A Sideways Glare at Contemporary Society
Recently, I was unwittingly placed in a position to observe a cultural phenomenon: the hipster. Sometimes life just throws the dice. You can read about it here. Unable to let opportunity knock without at least saying hello I found myself going mano a mano with Mason (not his real name) a man of high property. He allowed me to question him closely about the hipster subculture. Although his answers were not what I expected, a good journalist rolls with the punches and jabs hard to get real answers. I think you’ll agree this was a hard nut to crack. I offer his interview here – unedited and raw – like the urban streets that are Mason’s home. Once again, make no mistake: this is a work of fiction. The only thing I’ve added are a few notes (in square brackets) that remember the conversation vividly.
Question: In his novel, Pattern Recognition, William Gibson, although he didn’t coin the phrase, uses coolhunter as a motif for society’s search for meaningful dialogue with its future. In an increasingly monochromatic culture, would you say that hipsters are the coolhunters among us? By deliberately turning their backs on what many believe is a media-generated world, are hipsters actually leading society away from itself? As they create fashion and style and then move on, aren’t they inadvertently dragging the rest of us after them?
Question: Wait! Wait! Hear me out. We live in a cultural hegemony which is both narcissistic and artificial. Our fashion and fragrance are celebrity driven and repetitive. Our films are weak fables, espousing the triumph of good over evil; our politics reduced to sound bytes; and our philosophies marketed like breakfast bars. Aren’t hipsters the antithesis of all that? By rejecting contemporary style and lifestyle, aren’t they cultural paladins, warring on their own monolithic civilization, which is seeking to deny them their cultural imperative?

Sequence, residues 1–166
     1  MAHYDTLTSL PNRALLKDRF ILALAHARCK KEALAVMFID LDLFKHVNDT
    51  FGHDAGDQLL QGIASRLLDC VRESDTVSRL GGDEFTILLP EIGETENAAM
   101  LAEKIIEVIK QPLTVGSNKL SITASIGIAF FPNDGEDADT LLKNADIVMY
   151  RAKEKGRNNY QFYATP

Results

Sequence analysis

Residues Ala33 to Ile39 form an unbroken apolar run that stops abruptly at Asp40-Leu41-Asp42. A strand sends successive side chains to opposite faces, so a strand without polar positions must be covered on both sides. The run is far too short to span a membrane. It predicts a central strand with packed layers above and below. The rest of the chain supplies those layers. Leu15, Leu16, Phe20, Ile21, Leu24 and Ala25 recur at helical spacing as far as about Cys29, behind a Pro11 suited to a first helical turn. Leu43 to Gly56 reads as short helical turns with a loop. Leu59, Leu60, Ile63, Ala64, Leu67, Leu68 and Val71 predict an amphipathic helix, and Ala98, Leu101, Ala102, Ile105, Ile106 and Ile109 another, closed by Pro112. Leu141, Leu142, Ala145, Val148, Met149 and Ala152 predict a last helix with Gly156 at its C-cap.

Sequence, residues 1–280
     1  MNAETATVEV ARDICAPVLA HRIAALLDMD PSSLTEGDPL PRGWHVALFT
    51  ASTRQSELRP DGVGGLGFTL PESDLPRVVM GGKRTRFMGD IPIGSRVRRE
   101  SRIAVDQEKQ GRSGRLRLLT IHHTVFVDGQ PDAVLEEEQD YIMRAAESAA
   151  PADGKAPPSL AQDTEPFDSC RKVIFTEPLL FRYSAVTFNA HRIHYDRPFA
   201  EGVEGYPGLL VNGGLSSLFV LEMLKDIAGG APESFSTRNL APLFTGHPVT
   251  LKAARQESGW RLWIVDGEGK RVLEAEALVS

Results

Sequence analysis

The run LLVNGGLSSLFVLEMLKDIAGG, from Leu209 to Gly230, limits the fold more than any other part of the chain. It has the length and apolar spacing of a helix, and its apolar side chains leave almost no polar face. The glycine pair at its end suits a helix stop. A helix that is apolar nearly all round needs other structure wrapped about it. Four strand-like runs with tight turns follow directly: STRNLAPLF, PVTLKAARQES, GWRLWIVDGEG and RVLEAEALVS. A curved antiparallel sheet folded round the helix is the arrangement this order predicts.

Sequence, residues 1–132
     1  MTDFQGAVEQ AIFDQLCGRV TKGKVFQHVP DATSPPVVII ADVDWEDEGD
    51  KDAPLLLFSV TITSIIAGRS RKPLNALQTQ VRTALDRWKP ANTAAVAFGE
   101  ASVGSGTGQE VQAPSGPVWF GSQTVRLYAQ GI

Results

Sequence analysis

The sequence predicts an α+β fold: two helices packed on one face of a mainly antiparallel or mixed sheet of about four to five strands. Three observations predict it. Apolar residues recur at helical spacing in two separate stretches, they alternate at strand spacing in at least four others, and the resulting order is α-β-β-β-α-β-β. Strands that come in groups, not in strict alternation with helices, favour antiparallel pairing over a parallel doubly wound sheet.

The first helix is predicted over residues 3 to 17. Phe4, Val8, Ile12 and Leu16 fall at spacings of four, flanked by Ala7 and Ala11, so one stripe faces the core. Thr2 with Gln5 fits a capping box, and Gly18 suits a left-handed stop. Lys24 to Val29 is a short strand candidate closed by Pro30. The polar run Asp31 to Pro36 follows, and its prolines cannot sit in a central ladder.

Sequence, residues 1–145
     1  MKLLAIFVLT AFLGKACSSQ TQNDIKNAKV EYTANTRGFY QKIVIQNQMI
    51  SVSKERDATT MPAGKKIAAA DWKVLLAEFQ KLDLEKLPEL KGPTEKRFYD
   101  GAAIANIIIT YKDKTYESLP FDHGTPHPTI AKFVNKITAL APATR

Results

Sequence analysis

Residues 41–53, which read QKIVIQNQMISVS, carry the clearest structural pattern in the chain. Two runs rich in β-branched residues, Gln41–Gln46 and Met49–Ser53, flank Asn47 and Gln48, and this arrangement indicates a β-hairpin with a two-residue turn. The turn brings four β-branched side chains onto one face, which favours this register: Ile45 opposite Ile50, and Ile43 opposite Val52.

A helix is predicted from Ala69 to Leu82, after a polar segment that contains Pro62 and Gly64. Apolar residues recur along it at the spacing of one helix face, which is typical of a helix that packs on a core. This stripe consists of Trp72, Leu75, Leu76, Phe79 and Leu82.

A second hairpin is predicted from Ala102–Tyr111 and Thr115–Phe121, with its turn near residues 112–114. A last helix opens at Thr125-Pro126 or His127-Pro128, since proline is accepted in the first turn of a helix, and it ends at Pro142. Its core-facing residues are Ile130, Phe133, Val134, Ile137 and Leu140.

Question: Are you being ironic?
Answer: [He gave me a look of constipation.]
Question: Okay, let’s take a different tack. Hipsters were born out of the 21st Century’s economic instability, which has, in turn, led to a decrease in social mobility. Since we can no longer economically guarantee that we will even maintain our social position — never mind rise above our class — young people have become disillusioned with the very ethos of our society. They believe that we are approaching a social stagnation that can lead only to cultural bankruptcy. Therefore, they have abandoned traditional long-term social mores in favour of immediate urban credibility – street creds — credits. They gather this cultural currency by stylistic innovation. Thus, they not only maintain their social status but can enhance it through anticipating the avant garde. Would you say this is a fair statement?
Answer: No. This is easy.
Question: Okay, then. Ironic is the hipster’s stock in trade. Isn’t it the greatest irony in the world that hipsters are actually the parents of cultural change? They conceive it in their very lifestyle. The time between when the first hipster moves in and the last hipster moves on is the gestation period, and its birth is when it’s adopted by mainstream culture.
Answer: [He looked at me as if he was seeing me for the first time. I knew I had him]
Question: Then what would you say about the hipster subculture? [I pointed a journalistic finger.]
Answer: Tintin is the original hipster. And you are obviously not from Indiana.